That’s an impossible question! It really depends on the season and what’s available. I always like a little note of gentle fragrance beside a bed. And there are some flowers that are just a lot more ephemeral, you know, like Lily of the Valley. I also love Casa Blanca lilies; all you need is one stem. I have one in my bedroom now, and it has six blossoms on it. You walk in, and it just gets you—you smell that fragrance and, somehow, it makes you feel at ease.

What do you grab if you have to go to the grocery store for a quick bit of flowers?

Look, it’s a supermarket, so they have things that are readily available. I’d get masses of carnations, or masses of Persian lilies. In tulip season, you can’t go wrong. The most important thing is to not be stingy with them, because you can make even a little vase look generous.

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Green with Envy Any cutting from the garden can supply a lovely dose of verdant energy to a room—even with nary a blossom in sight.

Any advice for making flowers last longer?

Wash the stems when you get them from the supermarket, because you want to get rid of any sand or debris. Then trim the stems, and keep them in fresh water, changing it every couple of days. Always.

What’s your favorite, unexpected vase?

I had this glass vase that was a Michael Kors perfume bottle—a solid chunk of glass—and it was so fabulous for a couple small little blossoms, because it had no logo on it. Obviously, you’re not going to put something that’s got a logo in your living room!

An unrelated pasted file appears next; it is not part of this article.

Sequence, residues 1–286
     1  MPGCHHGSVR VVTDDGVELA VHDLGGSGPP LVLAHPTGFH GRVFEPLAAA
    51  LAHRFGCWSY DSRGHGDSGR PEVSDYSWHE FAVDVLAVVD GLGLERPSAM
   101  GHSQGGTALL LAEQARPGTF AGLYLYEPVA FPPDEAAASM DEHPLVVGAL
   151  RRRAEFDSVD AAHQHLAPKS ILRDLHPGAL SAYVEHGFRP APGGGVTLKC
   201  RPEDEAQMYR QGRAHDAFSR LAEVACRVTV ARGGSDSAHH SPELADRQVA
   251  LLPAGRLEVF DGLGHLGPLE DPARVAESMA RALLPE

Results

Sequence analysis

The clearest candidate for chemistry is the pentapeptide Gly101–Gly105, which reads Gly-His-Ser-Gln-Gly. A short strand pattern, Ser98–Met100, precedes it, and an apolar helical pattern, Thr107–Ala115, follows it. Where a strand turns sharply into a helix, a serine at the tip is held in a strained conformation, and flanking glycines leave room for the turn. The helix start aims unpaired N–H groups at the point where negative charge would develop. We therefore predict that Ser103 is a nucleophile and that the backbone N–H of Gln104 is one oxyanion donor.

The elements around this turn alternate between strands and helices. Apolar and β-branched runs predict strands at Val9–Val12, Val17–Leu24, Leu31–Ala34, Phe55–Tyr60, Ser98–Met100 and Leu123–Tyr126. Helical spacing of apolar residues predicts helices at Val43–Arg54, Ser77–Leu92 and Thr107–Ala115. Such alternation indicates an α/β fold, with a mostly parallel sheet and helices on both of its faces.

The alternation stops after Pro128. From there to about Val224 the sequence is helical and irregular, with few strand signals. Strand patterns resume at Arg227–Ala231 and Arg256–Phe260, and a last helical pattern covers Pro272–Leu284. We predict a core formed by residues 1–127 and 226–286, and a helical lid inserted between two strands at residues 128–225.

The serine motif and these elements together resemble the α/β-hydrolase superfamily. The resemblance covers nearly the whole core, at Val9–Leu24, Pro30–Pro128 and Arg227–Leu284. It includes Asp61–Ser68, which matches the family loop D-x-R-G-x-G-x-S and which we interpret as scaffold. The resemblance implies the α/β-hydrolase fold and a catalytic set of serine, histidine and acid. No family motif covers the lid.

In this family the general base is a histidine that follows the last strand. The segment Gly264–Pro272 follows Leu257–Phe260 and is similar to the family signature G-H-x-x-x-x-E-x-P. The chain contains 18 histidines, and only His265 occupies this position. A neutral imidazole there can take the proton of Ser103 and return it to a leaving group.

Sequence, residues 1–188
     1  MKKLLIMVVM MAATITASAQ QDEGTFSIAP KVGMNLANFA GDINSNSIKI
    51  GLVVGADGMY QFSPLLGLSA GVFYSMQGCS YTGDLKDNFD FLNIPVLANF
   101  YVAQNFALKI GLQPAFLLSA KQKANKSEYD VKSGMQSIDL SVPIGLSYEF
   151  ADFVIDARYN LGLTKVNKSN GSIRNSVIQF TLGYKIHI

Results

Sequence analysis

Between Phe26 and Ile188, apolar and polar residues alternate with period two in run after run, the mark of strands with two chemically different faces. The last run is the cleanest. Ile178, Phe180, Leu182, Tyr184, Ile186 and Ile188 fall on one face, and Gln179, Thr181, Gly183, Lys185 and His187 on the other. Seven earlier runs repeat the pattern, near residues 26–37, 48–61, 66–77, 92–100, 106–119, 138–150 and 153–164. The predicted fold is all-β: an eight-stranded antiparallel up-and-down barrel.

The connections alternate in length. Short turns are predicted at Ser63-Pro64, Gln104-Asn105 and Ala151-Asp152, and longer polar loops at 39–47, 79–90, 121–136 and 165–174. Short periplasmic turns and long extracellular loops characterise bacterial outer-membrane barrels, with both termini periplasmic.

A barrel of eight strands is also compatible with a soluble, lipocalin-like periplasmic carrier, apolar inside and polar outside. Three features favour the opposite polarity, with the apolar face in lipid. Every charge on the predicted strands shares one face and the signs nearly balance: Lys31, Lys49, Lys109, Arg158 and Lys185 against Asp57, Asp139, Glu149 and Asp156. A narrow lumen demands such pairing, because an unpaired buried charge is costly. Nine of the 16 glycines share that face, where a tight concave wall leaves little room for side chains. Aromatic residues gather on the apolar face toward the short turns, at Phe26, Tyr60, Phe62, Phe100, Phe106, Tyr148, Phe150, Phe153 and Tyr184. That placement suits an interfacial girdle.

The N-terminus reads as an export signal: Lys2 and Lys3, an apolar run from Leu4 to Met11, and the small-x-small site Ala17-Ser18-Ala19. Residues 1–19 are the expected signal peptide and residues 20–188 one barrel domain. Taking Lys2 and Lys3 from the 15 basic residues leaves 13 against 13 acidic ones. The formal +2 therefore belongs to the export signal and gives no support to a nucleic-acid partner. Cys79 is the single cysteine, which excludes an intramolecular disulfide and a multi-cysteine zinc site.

“The most important thing is to not be stingy with them.”
— Charlotte Moss

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What in Carnation? The ever-humble grocery store carnation takes on luxe appeal when presented in abundance.

If you’re not a gardener, what’s an easy, practically unkillable plant?

I’ve always told people to make friends with somebody at the local nursery. They’ll guide you in the right way. Select plants that don’t require a lot of haircuts, like myrtle topiaries. And pick things that you can water once every 10 days, like an orchid. An orchid is beautiful and thrives on benign neglect. Flush it out, make sure it’s got good drainage, and see ya next week! Same with grape ivy—they like to be flushed, then you leave them alone, come back, and do it again. Get something you don’t have to talk to or play classical music for.

“White flowers, whatever they are, have a quiet, obliging way of suiting any container that holds them. I find them very pleasing in vessels ranging from humble baskets to sterling silver.” — Charlotte Moss

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Wild and Free If you’re lucky enough to live where cherry trees bloom each spring, bring the fragrant beauty of cherry blossom season indoors with just two or three fresh branches.

Why a book on flowers now?

Over time, I have heard clients say that they just can’t do flowers the way the women at the garden club do them. If it makes people feel comfortable that someone like Charlotte Moss is just doing Queen Anne’s lace in a big bucket—if that makes them think, “Well, I could do that!, ” then that would be the best possible outcome.

Categories: Stylemakers